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darktable for Infrared Editing

My advice for infrared post-processing is the open source program darktable. This free program for developing, editing and sorting RAW files is available for all platforms and offers all the tools you need for infrared post-processing. You can dive very deep into darktable because it has a huge feature set. Of course, it is necessary to take the time to learn it, but I promise it will be worth it.

darktable ist nicht nur für die IR Fotografie bestens geeignet, auch für die “normale” Fotografie sind alle nötigen Werkzeuge verfügbar. Es müssen keine weiteren Programme benutzt werden, ein Zwischenspeichern um das Bild mit einem anderen Programm weiter zu bearbeiten ist nicht nötig. Eine große Stärke von darktable ist der Funktionsumfang kombiniert mit verschiedenen gezeichneten und parametrischen Masken (auch als Luminanz und Chrominanz Masken bekannt) die eine sehr kontrollierte Bearbeitung von Bildbereichen zulassen.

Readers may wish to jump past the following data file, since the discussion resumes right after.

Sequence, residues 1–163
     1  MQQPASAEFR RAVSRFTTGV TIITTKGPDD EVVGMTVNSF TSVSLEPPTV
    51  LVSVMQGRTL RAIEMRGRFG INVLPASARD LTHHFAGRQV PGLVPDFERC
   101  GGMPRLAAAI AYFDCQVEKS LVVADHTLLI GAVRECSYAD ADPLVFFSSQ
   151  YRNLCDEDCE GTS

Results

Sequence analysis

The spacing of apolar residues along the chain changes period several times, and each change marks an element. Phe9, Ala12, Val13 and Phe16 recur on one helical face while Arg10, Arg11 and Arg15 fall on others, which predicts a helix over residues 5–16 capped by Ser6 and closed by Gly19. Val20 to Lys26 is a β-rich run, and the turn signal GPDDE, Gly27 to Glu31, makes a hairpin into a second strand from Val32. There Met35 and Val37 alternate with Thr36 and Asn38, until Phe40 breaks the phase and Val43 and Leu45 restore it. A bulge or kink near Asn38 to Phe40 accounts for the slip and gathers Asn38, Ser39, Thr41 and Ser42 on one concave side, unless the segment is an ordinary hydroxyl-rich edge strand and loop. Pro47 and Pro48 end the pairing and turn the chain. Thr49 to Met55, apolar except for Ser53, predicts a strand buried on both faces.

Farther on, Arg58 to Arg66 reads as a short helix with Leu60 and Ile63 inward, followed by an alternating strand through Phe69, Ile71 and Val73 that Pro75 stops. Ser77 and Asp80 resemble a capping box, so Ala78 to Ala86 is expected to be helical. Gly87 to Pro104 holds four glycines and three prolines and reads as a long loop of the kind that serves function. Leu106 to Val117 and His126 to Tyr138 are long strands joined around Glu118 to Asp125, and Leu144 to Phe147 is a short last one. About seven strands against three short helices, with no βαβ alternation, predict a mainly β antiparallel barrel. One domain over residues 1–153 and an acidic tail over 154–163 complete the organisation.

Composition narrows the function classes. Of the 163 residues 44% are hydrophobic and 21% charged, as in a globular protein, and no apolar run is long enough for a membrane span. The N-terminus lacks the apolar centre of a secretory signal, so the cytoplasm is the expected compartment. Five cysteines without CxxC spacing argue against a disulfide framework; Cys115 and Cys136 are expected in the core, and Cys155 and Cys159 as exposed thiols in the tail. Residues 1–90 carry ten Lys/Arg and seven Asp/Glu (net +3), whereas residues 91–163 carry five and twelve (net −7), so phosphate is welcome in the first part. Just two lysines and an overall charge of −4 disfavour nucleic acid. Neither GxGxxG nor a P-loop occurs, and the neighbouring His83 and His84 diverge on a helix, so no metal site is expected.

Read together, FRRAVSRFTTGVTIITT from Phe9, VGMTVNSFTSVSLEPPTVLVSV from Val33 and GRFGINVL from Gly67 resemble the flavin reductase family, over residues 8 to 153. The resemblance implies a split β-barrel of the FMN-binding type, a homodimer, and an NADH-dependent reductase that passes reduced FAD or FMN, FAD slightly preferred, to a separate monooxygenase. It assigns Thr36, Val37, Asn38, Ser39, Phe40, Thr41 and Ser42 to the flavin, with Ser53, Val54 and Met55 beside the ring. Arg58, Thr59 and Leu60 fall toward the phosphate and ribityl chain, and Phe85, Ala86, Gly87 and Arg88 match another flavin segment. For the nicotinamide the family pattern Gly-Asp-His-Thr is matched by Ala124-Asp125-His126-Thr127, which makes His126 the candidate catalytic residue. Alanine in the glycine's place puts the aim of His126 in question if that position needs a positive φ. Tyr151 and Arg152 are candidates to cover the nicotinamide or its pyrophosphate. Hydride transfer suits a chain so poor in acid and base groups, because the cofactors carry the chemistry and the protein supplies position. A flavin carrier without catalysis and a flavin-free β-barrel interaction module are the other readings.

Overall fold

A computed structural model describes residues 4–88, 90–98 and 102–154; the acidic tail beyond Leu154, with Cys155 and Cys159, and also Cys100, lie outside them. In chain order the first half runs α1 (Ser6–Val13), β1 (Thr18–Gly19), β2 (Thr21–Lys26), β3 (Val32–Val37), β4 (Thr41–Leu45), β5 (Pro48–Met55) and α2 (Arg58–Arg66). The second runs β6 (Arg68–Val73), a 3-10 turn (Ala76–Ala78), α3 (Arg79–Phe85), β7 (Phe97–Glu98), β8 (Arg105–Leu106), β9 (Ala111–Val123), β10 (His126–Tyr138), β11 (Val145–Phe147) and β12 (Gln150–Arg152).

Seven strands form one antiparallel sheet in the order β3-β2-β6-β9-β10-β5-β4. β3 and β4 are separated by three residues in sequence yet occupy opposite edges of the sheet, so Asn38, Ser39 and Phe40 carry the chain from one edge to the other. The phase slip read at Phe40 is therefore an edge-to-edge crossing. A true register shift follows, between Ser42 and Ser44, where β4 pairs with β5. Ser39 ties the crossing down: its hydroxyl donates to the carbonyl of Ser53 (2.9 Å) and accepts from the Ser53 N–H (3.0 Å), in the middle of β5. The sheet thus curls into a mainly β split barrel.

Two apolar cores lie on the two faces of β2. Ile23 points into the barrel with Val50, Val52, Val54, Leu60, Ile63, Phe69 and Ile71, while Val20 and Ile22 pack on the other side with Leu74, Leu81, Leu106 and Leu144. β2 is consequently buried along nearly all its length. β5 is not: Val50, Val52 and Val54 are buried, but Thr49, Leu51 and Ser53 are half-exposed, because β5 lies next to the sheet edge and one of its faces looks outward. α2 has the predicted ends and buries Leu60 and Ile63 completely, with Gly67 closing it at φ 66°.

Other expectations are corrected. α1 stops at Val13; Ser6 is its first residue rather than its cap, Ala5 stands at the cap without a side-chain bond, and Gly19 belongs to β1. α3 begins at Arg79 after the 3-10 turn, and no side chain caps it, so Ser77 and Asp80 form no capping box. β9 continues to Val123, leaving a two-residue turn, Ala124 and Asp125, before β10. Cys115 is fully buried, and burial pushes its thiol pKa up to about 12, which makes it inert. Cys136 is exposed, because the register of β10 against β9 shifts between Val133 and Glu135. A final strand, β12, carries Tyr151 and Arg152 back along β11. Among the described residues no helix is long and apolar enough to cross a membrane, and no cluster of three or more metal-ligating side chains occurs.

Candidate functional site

Ich habe zu darktable bereits viele Bearbeitugnsvideos angefertigt und bin immer auf der Suche nach neuen “Bildspenden” für weitere Episoden. Die Videos sind alle im blog von IRreCams zu finden.